Presidio plans spark outcry for resistance

As development proposals for the Presidio continue to raise eyebrows from the public, nearby neighborhood groups are pining to re-establish a dormant watchdog group so they can offer their opinions on the new changes at the former Army post.

The Presidio Neighborhood Representative Work Group, a collective of nearby neighborhood groups and city agencies, was first established in 2001.

The group was created as a way to offer streamlined feedback on new developments, particularly the proposal at the time to house George Lucas’ digital-arts center at the Letterman Complex, according to Nannie Turrell of the Planning Department.

The group met weekly and submitted formal comments to the Presidio Trust, the federally appointed group in charge of operations at the Presidio. Once the digital-arts center was approved the group ceased meeting, Turrell said.

Because the trust is set to release in June a Supplemental Environmental Impact Statement about developments on the Main Post — deemed necessary because new proposals for the site differ from the group’s original management plan — nearby neighborhood groups think it’s time for the group to reconvene.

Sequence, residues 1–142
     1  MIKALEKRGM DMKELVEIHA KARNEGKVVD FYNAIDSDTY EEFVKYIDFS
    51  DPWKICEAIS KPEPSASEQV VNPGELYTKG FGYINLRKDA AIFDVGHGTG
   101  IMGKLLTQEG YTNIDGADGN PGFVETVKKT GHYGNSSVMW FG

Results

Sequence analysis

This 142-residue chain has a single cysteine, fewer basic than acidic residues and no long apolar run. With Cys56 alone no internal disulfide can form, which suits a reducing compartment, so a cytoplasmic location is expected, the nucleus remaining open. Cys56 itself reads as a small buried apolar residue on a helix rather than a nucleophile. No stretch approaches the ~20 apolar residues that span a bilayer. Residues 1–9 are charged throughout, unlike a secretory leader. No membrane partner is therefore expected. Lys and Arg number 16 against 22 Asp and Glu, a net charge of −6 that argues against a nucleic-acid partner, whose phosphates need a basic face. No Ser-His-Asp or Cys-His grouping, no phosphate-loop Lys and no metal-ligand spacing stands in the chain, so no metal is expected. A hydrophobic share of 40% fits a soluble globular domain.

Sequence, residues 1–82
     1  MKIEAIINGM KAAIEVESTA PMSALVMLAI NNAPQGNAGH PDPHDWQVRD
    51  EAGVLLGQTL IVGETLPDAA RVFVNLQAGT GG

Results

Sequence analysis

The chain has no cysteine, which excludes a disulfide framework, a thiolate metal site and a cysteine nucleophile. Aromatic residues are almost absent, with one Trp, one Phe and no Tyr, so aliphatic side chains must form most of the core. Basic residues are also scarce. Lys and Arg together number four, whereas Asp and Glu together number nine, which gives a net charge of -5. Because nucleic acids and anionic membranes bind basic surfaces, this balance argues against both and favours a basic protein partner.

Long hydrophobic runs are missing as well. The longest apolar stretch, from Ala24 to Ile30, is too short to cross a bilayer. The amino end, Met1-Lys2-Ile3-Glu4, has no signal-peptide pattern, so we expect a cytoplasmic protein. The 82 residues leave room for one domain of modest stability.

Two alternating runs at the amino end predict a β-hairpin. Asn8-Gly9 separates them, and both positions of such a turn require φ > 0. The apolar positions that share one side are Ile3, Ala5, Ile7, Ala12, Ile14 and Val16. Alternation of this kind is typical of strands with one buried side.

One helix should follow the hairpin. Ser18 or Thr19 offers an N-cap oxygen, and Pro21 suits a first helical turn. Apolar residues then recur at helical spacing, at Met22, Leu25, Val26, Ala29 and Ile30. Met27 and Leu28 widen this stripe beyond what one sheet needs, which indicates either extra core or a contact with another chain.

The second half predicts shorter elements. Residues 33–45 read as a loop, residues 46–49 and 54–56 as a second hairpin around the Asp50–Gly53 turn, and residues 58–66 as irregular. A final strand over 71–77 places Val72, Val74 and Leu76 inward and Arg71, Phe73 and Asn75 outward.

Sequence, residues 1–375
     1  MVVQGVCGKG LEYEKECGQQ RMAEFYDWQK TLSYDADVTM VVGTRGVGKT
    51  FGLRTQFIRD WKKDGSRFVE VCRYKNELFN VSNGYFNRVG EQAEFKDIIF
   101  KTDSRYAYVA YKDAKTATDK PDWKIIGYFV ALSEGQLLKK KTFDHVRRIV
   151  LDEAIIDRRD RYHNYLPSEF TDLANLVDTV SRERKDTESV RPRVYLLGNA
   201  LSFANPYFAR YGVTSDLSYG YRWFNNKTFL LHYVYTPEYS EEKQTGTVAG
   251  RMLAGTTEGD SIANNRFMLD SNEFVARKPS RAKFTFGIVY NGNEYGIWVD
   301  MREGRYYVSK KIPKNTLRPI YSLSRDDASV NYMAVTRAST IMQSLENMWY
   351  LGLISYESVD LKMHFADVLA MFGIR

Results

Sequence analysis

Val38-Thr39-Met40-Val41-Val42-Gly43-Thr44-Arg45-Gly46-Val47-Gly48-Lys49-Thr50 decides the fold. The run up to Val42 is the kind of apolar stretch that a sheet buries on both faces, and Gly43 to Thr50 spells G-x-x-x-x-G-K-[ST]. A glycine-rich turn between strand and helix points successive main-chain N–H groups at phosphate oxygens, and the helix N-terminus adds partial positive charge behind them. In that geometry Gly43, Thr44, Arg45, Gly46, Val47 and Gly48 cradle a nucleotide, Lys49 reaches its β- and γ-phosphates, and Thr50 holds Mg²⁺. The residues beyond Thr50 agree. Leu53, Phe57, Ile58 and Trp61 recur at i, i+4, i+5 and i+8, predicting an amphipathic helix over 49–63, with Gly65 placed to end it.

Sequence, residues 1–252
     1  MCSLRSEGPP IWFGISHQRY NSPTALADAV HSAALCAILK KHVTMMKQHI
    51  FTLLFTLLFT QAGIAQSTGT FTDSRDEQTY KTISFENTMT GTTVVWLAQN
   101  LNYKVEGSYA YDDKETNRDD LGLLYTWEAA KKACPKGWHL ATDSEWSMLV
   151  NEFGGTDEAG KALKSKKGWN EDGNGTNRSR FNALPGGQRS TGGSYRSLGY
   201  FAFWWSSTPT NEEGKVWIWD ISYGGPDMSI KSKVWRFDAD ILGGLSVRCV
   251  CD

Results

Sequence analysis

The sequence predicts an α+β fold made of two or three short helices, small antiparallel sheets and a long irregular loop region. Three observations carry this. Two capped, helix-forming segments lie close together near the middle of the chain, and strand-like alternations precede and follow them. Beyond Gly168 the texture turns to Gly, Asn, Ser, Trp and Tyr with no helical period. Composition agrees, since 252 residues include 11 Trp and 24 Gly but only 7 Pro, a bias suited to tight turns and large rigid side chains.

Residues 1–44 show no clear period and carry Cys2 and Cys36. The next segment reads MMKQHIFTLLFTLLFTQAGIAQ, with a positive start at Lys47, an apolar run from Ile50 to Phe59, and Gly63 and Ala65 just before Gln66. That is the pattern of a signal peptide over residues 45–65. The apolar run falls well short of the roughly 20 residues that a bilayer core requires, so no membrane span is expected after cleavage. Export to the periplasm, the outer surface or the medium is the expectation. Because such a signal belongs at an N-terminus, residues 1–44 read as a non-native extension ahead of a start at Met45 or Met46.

“There has been a real popular upwelling of concerns about plans for the Main Post,” said David Bancroft of the Cow Hollow Association, one of several neighborhood groups slated for involvement in the group.

The neighborhood groups are concerned about a lack of public transportation in the Presidio and an incongruous mix of new additions to the Presidio’s historical Main Post, according to Martin Beresford of the Marina Community Association. A plan to house a modern-designed 100,000-square-foot museum featuring Gap founders Doris and Donald Fisher’s art collection in the Main Post is a particularly hot-topic item.

“It’s the wrong track for the Presidio,” Beresford said.

Museum spokesman Sam Singer said the Fishers “have received overwhelmingly positive support for the museum in the Presidio.”

Supervisor Michela Alioto-Pier’s office is working on a resolution to re-establish the PNRWG, which will include city agencies such as the Public Utilities Commission and the Municipal Transportation Agency. The resolution will go before the Board of Supervisors’ Rules Committee on May 15.

Dana Polk, spokeswoman for the Presidio Trust, said her organization looks forward to meeting with the neighborhood group.

“We expect the working group to be helpful,” Polk said. “It should help us work together more effectively.”

wreisman@examiner.com

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